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Scare TacticsSupernatural Fiction by American Women$
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Jeffrey Andrew Weinstock

Print publication date: 2008

Print ISBN-13: 9780823229857

Published to Fordham Scholarship Online: September 2011

DOI: 10.5422/fordham/9780823229857.001.0001

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Introduction: The Unacknowledged Tradition

Introduction: The Unacknowledged Tradition

Chapter:
(p.1) Introduction: The Unacknowledged Tradition
Source:
Scare Tactics
Author(s):

Jeffrey Andrew Weinstock

Publisher:
Fordham University Press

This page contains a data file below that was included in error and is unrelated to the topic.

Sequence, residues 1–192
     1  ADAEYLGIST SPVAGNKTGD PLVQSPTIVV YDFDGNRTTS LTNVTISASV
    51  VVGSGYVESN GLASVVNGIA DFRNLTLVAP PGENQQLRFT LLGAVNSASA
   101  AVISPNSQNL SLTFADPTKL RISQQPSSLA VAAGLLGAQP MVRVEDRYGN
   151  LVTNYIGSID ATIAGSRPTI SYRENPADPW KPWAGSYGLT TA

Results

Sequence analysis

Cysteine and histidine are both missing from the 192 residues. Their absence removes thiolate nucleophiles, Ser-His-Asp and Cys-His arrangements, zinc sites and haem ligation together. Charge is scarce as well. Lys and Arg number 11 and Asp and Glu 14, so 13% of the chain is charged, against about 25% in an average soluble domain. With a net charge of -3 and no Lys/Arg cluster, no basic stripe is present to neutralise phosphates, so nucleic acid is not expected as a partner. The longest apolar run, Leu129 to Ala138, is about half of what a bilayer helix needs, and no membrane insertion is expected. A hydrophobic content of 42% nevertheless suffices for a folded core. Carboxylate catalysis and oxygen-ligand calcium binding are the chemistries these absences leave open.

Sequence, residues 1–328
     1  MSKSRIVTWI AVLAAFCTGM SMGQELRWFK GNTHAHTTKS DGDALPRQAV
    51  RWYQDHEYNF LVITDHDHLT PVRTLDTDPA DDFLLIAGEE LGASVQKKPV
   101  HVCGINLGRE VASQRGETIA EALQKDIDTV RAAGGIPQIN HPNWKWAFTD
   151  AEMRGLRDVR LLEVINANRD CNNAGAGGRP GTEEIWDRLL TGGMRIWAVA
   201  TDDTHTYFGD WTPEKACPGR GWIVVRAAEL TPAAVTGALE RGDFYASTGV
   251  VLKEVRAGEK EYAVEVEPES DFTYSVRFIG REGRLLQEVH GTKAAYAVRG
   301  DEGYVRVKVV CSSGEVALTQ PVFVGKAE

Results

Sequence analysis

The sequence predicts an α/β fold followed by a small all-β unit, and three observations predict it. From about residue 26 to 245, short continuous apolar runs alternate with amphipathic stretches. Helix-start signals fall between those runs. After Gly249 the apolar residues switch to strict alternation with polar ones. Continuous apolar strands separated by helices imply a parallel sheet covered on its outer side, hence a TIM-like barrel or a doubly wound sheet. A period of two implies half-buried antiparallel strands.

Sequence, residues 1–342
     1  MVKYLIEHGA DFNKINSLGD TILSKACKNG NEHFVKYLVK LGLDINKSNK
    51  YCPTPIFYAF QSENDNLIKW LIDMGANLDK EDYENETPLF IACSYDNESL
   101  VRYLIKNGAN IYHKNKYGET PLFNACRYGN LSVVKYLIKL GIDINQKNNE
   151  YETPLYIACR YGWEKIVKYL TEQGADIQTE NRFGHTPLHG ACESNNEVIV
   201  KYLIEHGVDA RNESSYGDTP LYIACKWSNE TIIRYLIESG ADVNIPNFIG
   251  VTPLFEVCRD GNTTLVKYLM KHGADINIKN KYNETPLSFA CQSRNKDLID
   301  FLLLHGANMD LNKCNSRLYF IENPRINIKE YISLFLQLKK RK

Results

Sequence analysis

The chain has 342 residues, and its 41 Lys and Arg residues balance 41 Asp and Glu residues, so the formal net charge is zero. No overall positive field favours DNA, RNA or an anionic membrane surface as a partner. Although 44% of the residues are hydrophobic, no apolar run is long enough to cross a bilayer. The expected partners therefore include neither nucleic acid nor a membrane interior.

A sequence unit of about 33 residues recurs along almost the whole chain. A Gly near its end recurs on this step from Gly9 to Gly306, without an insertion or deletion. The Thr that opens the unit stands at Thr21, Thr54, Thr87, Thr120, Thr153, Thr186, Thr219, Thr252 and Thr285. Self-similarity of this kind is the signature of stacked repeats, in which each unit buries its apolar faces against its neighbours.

DOI:10.5422/fordham/9780823229857.003.0001

“The Premonition” is a perfect example of the Female Gothic — that category of literature in which female authors utilize Gothic themes in order to address specifically female concerns. In Evelyn's dreams, matrimony transforms into a dangerous descent into isolation, disempowerment, and potential death. If her premonition provides a true glimpse of her future, then she will join the ranks of Armand's dead models, murdered for his art. The author makes a case not only that a sizable body of such fiction was produced and widely circulated between roughly 1850 and 1930, but also that this body of fiction needs to be considered as a coherent genre of “female fiction” organized around recurrent themes and tropes that developed out of, responded to, and, in many cases, critiqued the roles of women in Victorian and Edwardian America.

Keywords:   premonition, murder, female fiction, Gothic, women, Victorian, Edwardian, America

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